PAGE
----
Starting A New Contraception? Here’s What You Need To Know

When starting a new contraception, it’s important to follow a few simple rules for success and make sure everything’s working smoothly. Here’s what to know before starting your new method.

Before choosing a new contraception, get a health profile

Before starting a new contraception, it’s important to let your doctor know about your risk factors, any other medication you’re on and family history of disease, like diabetes, heart disease and any other diseases that a doctor can decide impacts your medication. “There are side-effects to almost all medications, if not all medications,” says Dr Desiree Gambushe, a medical doctor. “So you do not want to start anyone on anything that will be harmful to them.”

Book an appointment with Dr Desiree Gambushe here.

Hormonal contraception like the Pill, Patch, Injection and more, contain oestrogen-like hormones. “The very high level can play a role in worsening conditions like that with thrombosis and cardiac disease and blood pressure so consultation will always be key before initiating any method,” says Dr Gambushe. “Go see your doctor always, get a healthcare profile, find out what your risk factors are, and if you’re actually a suitable candidate for the contraceptive method that you’ve been wanting to try or that somebody else suggested.”

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Use the ‘no-gap’ method

There is no need to wait before taking your new contraception, says Dr Gambushe. “If you were taking one last week or yesterday, start taking a new one, as soon as possible, if you want to start it today you don’t have to wait for any period,” she says.

You might experience a breakthrough bleed

Breakthrough bleeding is very common, says Dr Gambushe. “Certain contraceptive methods, for example, the Implanon, and others as well can cause you to bleed for almost a month at a time but not heavy bleeding,” she says. However, if your breakthrough bleed has been going on for longer than you feel comfortable with, you can check with your doctor, who will give you medication.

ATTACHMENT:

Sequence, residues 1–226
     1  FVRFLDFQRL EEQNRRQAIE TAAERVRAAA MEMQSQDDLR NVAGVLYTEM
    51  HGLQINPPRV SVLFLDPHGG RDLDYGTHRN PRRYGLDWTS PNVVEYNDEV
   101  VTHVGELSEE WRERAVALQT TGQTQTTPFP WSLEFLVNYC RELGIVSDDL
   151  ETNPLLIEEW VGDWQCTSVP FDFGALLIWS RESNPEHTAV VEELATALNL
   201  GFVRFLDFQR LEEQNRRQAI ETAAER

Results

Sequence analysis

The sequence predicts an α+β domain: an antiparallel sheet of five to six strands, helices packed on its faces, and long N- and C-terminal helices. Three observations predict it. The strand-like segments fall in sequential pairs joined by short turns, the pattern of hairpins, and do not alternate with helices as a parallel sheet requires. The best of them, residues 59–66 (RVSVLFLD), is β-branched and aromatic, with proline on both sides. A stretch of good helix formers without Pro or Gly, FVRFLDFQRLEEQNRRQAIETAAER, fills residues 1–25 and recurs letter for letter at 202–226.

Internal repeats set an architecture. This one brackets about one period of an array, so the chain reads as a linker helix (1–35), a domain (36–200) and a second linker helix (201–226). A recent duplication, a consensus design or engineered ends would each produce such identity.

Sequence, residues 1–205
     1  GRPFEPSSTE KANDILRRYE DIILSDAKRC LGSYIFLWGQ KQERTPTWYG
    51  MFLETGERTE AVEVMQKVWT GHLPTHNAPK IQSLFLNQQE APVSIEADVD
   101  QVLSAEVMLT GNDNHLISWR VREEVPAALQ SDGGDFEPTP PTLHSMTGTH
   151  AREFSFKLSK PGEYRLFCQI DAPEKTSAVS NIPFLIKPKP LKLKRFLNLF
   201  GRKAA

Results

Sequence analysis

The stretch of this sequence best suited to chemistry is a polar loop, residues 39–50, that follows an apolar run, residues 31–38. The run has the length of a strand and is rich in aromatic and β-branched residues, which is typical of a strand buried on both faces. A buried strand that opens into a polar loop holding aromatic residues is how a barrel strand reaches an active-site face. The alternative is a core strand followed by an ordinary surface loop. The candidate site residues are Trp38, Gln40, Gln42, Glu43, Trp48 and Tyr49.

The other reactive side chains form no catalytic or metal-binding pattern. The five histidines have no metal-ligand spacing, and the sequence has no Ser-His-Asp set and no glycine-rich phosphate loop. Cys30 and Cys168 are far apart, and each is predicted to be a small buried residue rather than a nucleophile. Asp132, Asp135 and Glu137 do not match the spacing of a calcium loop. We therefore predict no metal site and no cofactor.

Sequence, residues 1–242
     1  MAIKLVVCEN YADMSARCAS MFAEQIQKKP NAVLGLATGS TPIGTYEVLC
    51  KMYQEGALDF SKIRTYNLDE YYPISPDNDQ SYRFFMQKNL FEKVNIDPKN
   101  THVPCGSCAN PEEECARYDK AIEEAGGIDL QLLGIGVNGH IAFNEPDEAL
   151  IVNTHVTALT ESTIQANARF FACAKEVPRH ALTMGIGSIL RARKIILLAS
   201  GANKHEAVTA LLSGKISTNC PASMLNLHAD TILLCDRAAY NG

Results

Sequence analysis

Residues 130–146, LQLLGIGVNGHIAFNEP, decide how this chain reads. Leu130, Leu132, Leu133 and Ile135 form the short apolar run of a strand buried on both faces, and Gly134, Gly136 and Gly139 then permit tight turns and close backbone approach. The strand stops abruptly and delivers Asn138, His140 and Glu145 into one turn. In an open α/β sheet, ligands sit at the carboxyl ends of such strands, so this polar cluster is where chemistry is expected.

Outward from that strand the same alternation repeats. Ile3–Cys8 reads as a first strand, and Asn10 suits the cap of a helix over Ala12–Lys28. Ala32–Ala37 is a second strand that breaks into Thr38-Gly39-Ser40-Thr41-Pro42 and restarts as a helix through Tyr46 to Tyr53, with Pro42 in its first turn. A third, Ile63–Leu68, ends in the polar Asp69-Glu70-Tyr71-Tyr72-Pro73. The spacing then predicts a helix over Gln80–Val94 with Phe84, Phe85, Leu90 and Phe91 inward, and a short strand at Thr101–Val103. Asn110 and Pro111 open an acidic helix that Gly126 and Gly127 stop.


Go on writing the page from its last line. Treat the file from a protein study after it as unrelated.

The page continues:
“Breakthrough bleeding is common, it should settle. But when you start seeing bleeding with clots and bleeding that has some accompanying symptoms as well, like pelvic masses, severe pelvic pain, severe headaches, additional discharge, that’s when I would definitely say go to a doctor.” If treatments don’t make the breakthrough bleeding subside, you can then re-look the contraceptions.

READ MORE: Breakthrough Bleeding, Or Spotting: What It Is And How Long It Should Last

Side-effects depend on your contraception – and your body

It wouldn’t be fair to say that there would be a ton of side-effects, or even very little. That’s because side-effects vary from every body. You might experience headaches, mood swings, lowered or heightened libido and yes, you might experience breakthrough bleeding. “Breasts can be affected – they can feel a little bit tender or harder as well,” says Dr Gambushe. You might also experience weight loss or weight gain from the new contraception.

Use the double-barrier method

“Try to avoid any unprotected sex within the first seven days up to two weeks,” says Dr Gambushe. If you do have sex, always use condoms or another method of protection aside from your contraception. “There have been quite a few situations where patients came in, they got their contraceptive method of choice, and they came back two weeks later, pregnant,” she says. That’s because you may have been ovulating and didn’t give the chosen contraception enough time to work.

READ MORE: The Morning After Pill: Does It Affect Your Fertility?

This article was written with support from medical doctor Desiree Gambushe. Book an appointment with her here.

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